The quest to become a textile manufacturer requires having an entrepreneurial spirit, as well as a broad knowledge of fabric and weaving. It is necessary to know about traditional natural fabrics, such as wool and cotton; synthetic fabrics, such as nylon and polyester; and the developing market of eco-friendly synthetics, such as those made of recycled polyethylene terephthalate (PET) containers. Knowing different types of weaves and yarn varieties, such as alpaca and cashmere, is another key factor in being able to purchase the most cost-effective looms for making these textiles.
This broad knowledge of basic textiles and textile markets is essential to become a textile manufacturer. The ability to make textiles requires being able to make complex decisions for evaluating textile types, supplier sources of raw materials, equipment and labor needs, and plans for marketing textile products. For example, deciding to produce only knitted or woven fabrics also requires deciding on production techniques, such as braiding or bonding, and the raw materials to use, such as plant, animal, or synthetic sources.
An important step to become a textile manufacturer traditionally has been to create a strategy for producing and selling textiles to market buyers, such as a textile supplier, a textile exporter, or a textile importer. The manufacturing process has become heavily computerized, though, and such technology controls almost all phases of textile production. Managing textile production now requires also knowing how to manage robotics machinery, the high costs of obtaining and repairing this equipment, and the added labor costs of acquiring the highly trained workers needed to operate this machinery.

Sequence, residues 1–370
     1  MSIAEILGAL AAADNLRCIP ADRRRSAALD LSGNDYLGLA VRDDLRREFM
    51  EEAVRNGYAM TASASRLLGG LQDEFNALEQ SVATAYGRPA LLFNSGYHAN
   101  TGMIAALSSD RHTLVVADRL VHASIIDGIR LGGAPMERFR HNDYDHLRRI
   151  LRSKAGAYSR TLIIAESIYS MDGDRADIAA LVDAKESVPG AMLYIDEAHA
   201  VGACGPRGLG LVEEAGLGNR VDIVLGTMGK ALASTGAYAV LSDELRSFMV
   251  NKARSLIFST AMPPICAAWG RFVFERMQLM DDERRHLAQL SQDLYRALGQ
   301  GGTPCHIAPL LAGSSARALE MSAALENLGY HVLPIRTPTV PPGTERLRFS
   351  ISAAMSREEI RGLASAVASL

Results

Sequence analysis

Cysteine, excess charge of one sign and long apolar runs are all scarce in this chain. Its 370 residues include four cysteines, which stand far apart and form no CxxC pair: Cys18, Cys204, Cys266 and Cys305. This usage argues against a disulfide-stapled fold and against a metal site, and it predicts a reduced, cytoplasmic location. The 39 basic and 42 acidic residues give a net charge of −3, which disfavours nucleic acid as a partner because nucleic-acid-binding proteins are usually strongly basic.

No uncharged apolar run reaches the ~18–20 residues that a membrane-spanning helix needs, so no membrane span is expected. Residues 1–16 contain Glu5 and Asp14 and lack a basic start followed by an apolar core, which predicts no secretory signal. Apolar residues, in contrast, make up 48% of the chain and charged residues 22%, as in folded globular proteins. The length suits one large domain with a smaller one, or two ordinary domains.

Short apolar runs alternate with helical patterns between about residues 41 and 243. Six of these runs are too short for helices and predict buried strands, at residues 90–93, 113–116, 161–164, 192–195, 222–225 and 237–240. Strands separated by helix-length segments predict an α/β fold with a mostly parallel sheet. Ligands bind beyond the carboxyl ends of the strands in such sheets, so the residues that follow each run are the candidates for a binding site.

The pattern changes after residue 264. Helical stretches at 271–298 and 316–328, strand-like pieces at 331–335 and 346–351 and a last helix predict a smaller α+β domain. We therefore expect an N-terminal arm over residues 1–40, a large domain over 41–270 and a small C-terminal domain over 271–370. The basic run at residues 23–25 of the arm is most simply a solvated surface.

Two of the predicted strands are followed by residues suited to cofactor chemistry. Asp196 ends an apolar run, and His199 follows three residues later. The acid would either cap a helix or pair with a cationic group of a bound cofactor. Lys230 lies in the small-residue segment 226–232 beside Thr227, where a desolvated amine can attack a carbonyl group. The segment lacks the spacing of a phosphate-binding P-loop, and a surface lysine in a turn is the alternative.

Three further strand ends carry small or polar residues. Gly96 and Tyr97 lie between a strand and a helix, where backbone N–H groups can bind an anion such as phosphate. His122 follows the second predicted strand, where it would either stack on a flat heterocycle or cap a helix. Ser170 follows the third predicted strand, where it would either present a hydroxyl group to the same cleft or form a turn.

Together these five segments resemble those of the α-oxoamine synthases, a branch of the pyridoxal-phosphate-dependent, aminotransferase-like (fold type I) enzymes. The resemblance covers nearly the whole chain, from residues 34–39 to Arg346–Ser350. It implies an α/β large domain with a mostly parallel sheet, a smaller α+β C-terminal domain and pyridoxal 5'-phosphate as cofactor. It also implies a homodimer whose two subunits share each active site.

Courses in mathematics and engineering can help a person become a textile manufacturer by training his or her basic ability for analysis, and courses in economics can help to develop an insight into market forces. Supervising the production of textile products from raw materials also requires adroit negotiation and communication skills. These skills can be improved by working within a textile production environment. Being a skilled negotiator is essential, because this can affect profitable discussions in other major manufacturing areas, such as in the marketing of textile products, procuring manufacturing equipment, and managing employees.
The ability to manufacture textiles that spur significant market demand requires adaptability and an aptitude for analyzing, planning, and thinking innovatively. Being adept at putting innovative ideas into practice is another attribute necessary for managing textile production. In conjunction with these attributes, a person needs to have a knack for making sound business decisions, such as where to set up shop. For example, in the U.S., where mills are heavily concentrated in the Southeastern states, cost-effective supply routes for raw materials are already established. Similarly, the manufacturer needs to accurately identify and analyze regional, national, and international textile markets.
Another key factor for one who wants to become a textile manufacturer is the ability to obtain adequate funding for starting the manufacturing business. Building financial source networks is one way to look for funding. A good credit history is essential, both for obtaining startup funding from banks or investors, as well as in managing ongoing production costs after the business has started. For example, mills in other segments of the manufacturing chain, such as yarn manufacturers, may give special rates or extended credit terms to new factories with good credit. Established distribution channels may also be willing to help new industries achieve a more solid market presence by giving initial discounts or allowing time payments for the costs of raw materials.